When you visit Rekesh, the ancient city of the Marid located beneath Malik’s palace, you’ll run into inscriptions written in cuneiform, which was abandoned in the first century of our era and about six hundred years or so before the islamization of Iran. This fits the story, since Razia explains how the Marid worked with King Solomon to lock away the Sand army at some point in the (distant) past. At one point, Razia even seems startled at the amount of time that has passed.
There are a handful of other references to the ancient world. For example, one of the statues in Rekesh that represents another member of the Marid is also clearly modelled after a famous Hellenistic statue of Artemis of Ephesus. As you make your way through Malik’s city, you’ll also run across an area with gardens, similar to the fabled Hanging Gardens of Babylon.
In his notes to the 2008 graphic novel, Mechner relates a story about seeing the a PlayStation 2 copy of Prince of Persia: The Sands of Time “in a glass display case alongside a 1903 edition of The Arabian Nights, a pack of Camel cigarettes, and a Las Vegas hotel ashtray with a picture of a harem girl. The title of the exhibition was ‘Seducing America: Selling the Middle Eastern Mystique’.”
Mechner talked briefly with the curator, who wanted to know if he could get his hands on the box of the original 1989 Prince of Persia. But he didn’t engage with him much about why the original Sands of Time had been included in the exhibition. The Prince of Persia games, having sprung from the mind of an American creator, and published by first an American and then, from 2003 onwards, a French company, are good examples of “Orientalism”: Western imitations or depictions of (aspects of) cultures from the East (i.e. the Orient).
The critical work in this context is Edward Said’s Orientalism (1978). Said defined the term as the often patronizing way in which the West depicts what it conceives of as “The East”. Like notions involving the “Noble Savage”, which idealized people living in more “primitive” conditions, views of the East were often romanticized, with different cultures lumped together and stereotyped to forge a generic image of what “The East” represented to Westerners. For Said, this treatment of the East was part and parcel of imperialist (colonial) thinking in the West.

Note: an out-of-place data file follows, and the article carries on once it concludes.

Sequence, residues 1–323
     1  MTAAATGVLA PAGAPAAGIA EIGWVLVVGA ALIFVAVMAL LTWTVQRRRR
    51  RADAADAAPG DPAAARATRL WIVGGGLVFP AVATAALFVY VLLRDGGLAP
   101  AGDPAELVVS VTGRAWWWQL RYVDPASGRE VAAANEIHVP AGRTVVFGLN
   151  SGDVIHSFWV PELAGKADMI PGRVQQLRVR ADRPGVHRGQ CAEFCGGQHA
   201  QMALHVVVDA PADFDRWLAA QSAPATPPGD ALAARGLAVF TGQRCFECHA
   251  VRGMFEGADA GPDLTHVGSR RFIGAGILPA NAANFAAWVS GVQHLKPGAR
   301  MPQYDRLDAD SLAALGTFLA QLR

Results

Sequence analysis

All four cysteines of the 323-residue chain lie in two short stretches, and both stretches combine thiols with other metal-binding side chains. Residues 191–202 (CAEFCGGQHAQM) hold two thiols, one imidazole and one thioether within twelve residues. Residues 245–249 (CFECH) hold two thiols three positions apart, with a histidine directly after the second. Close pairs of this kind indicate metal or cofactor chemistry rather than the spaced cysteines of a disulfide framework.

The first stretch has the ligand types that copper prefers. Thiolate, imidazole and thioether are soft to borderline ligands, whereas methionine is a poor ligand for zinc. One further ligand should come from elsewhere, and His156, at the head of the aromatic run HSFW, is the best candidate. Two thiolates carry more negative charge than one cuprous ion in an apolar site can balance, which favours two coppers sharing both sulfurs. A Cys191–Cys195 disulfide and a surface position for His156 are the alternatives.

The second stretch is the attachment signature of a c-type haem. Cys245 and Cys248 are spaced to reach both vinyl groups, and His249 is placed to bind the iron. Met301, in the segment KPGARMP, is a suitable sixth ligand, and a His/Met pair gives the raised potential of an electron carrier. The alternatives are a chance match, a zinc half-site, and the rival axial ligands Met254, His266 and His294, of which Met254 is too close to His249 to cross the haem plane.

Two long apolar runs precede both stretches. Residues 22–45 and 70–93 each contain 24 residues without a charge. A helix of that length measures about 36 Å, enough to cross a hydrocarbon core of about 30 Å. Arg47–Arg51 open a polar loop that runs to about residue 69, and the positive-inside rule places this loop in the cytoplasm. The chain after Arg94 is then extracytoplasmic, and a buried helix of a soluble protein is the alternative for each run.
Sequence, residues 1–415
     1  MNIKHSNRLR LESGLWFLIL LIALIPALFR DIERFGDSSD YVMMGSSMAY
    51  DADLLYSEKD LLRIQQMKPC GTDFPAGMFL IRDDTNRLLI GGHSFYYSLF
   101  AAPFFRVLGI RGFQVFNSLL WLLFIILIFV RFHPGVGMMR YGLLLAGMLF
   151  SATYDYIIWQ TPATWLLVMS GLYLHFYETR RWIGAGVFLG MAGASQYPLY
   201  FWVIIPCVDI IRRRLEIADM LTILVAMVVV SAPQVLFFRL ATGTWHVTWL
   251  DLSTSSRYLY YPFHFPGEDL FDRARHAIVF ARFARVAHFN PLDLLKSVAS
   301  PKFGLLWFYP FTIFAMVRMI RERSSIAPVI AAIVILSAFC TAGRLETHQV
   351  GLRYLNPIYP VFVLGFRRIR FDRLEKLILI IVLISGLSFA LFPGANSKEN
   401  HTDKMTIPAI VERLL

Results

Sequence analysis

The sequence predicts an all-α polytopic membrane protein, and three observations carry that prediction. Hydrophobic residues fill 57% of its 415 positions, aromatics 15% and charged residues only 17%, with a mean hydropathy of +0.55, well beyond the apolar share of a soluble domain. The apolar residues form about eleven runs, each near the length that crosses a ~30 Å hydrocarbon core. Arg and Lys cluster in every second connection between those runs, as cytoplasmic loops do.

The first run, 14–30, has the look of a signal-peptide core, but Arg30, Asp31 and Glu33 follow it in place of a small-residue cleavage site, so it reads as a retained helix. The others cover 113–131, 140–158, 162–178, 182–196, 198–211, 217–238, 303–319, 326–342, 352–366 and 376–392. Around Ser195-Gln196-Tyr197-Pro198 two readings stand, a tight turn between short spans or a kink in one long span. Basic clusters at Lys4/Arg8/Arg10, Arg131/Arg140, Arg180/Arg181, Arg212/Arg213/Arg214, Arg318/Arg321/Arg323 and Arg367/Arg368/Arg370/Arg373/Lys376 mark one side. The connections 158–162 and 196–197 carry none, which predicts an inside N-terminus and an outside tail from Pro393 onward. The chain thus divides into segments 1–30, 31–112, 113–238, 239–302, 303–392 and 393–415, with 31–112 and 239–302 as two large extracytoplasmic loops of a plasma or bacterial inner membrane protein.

The Prince of Persia games can be regarded as modern examples of Orientalist fiction, and no doubt for this reason the exhibition that Mechner visited included a copy of The Sands of Time. The games certainly give an expression of what Westeners might regard as “Oriental mystique”. The games also seem to tick a lot of Said’s boxes: they feature warfare (besieged cities feature in three of the five games that I’ve discussed!), domed buildings, vaults filled with treasure, delicate fabrics, an adventurous Prince, baths, at least one reference to a harem, a healthy dose of magic, alluring Eastern princesses, an evil Vizier, and so on.
But while the games appear to be Orientalistist fantasies, they are saved by the fact that they are ultimately about characters and themes, rather than the trappings. The Prince undergoes significant character development over the course of the series as a whole, and to a lesser or greater extent also in individual games (including 2008’s reboot). For example, Farah starts out seemingly as a damsel in distress in The Sands of Time, but turns out not to be. The Prince pays a costly price for his youthful arrogance, leading to his father’s demise in The Two Thrones. And so on.
Dismissing the games as mere Orientalist fantasy does them a disservice. They deal with important themes irrespective of their setting, such as learning to live with the consequences of your actions, and whether or not there’s such a thing as fate. Furthermore, it’s significant, in a post 9/11 world, that we have a major series of games here that feature a likeable hero from the Near East. He’s certainly not perfect: like any regular human being, he makes mistakes. But that’s part of what makes him an interesting protagonist. Sometimes, I guess, a cigar is just a cigar.
In any event, all five of the Prince of Persia games released from 2003 onwards are among my absolute favourite games to play. If you’ve never played a game in the series before, I’d recommend starting with either 2008’s Prince of Persia or 2010’s The Forgotten Sands. If you don’t mind slightly stiffer controls and relatively dull combat, nothing beats the story and characters from 2003’s Sands of Time.
Incidentally, all of the games are available on GOG.com, save The Forgotten Sands: you can buy that on the Ubisoft store.
This article is part of the series, Prince of Persia retrospective.